In the aftermath of the 2012 elections (note the plural here; the United States do not hold “national” elections, the objections of some notwithstanding), it seems that the number of secession petitions on the White House web site has exploded. At this point, there is at least one petition from each state in the union, and while some may argue that the trend evinces only that those who “lost” the election are simply sore losers, in truth, it reflects a long-simmering frustration with an ungovernable government.
What’s interesting about this is that the calls for secession–and, perhaps, an actual secession–may indeed be necessary before we can reach the point from which it will be possible to turn this mess around. Though the establishment, and many on the left (who, of course, favor an all-powerful central government in command of submissive states), will scream that secession–or nullification, for that matter–is unconstitutional, because the men in black dresses declared it to be so, there is no language in the Constitution that prevents the states from doing just that. To suggest otherwise is to say that the states must comply with any federal law or regulation, no matter how onerous, simply because the federal government enacted it, even when the states (and anyone with even a modicum of sentience) know that the law or regulation in question falls outside the powers vested in the federal government–and Congress specifically.
Thomas Jefferson saw the states as the final brake on a run-away Washington, and in our early history, it was not unheard of for one or more states to nullify some federal law. That, of course, is what prompted the government to visit the men in black dresses in the first place, where they managed to get the “ruling” that nullification was unconstitutional, after all. And what makes that ruling all the more interesting is that it was the federal government itself, in the guise of its own courts, that issued the ruling (no conflict of interest there, certainly). Just one step down the road to the states’ road to serfdom. And if that wasn’t enough, the passage of the 14th, 16th and 17th Amendments stripped any remaining vestiges of sovereignty from them, forever relegating them, in Ronald Reagan’s words, to “little more than administrative districts of the federal government.” Most alarming about that is the fact that the states themselves were parties to their own downfall. But, it now appears that at least some have awakened from their prolonged slumbers.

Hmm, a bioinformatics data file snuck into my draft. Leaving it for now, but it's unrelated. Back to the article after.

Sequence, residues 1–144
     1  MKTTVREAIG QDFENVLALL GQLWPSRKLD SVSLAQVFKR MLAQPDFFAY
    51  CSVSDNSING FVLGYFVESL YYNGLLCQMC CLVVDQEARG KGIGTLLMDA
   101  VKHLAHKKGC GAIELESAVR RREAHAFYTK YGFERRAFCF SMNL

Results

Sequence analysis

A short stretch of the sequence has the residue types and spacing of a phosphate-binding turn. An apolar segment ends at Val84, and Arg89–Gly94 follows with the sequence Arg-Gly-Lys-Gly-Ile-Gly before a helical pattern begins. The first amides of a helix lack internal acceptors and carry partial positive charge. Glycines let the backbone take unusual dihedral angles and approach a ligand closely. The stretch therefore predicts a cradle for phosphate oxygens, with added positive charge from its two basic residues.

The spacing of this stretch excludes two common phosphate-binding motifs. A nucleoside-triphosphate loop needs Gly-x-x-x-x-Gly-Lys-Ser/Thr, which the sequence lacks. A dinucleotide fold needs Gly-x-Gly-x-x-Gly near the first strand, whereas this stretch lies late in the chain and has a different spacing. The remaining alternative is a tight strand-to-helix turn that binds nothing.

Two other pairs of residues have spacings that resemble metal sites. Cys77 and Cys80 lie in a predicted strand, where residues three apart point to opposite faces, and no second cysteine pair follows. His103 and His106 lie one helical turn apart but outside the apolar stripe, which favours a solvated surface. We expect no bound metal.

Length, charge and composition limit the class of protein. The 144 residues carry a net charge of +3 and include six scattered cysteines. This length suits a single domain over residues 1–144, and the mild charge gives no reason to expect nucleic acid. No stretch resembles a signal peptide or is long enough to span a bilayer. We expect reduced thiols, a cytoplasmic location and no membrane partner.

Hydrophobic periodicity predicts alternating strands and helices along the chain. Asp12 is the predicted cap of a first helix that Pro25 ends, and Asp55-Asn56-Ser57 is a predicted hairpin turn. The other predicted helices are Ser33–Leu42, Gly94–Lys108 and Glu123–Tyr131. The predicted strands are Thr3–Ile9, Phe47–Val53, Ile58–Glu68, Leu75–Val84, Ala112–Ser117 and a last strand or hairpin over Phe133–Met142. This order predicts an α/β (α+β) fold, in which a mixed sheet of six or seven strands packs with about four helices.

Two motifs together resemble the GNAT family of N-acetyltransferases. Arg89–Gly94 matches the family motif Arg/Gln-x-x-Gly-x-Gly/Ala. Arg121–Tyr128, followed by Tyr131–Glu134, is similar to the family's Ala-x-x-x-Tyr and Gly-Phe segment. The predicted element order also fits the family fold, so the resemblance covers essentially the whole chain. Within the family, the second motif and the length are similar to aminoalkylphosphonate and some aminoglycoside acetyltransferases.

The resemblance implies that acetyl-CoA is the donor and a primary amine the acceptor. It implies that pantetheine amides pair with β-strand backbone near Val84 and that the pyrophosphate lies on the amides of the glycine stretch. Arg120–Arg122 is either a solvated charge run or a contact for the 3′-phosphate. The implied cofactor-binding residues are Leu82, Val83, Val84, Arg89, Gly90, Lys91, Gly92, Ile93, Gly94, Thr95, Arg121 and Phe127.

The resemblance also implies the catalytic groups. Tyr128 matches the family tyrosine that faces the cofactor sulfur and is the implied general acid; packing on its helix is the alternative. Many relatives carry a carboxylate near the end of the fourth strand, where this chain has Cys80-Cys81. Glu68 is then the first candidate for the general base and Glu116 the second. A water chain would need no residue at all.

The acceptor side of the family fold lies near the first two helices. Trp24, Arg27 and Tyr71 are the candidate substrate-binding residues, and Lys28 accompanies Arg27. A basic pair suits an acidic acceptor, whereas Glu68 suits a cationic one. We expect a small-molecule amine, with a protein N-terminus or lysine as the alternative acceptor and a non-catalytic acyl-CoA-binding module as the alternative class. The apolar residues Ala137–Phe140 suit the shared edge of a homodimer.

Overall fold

It may well be that only a resurgence of nullifications–or another secession–will be required before we can capture the attentions of those who fervently believe that the road to bankruptcy is the one on which we wish to be. What’s most striking about the whole secession business, however, is that people are petitioning the federal government for permission to do so. Since there is nothing in the Constitution that forbids a state’s leaving this once-grand union, and also nothing that gives the federal government the power to prevent it, such actions remain the sovereign right of the states themselves, as well they should. After all, the Constitution is not a suicide pact that forever binds the states to the union, once joined, even when the interests of the state and its people are no longer served.
We should hit this press-to-test button as hard as it can be hit, because there doesn’t seem to be a means of healing the rift that has developed between those who produce and those who don’t, and that rift will only widen with the re-election of a president bent on ever-increasing class warfare, and who promises an almost unrestricted flow of “stuff” to those with their hands out. Should their be no healing, it may be that the only real solution is separation. But unless we can find a way to turn away from the path we’ve set ourselves, it seems almost certain that, within the lifetime of our children or grandchildren, the United States, as we know them, will dissolve.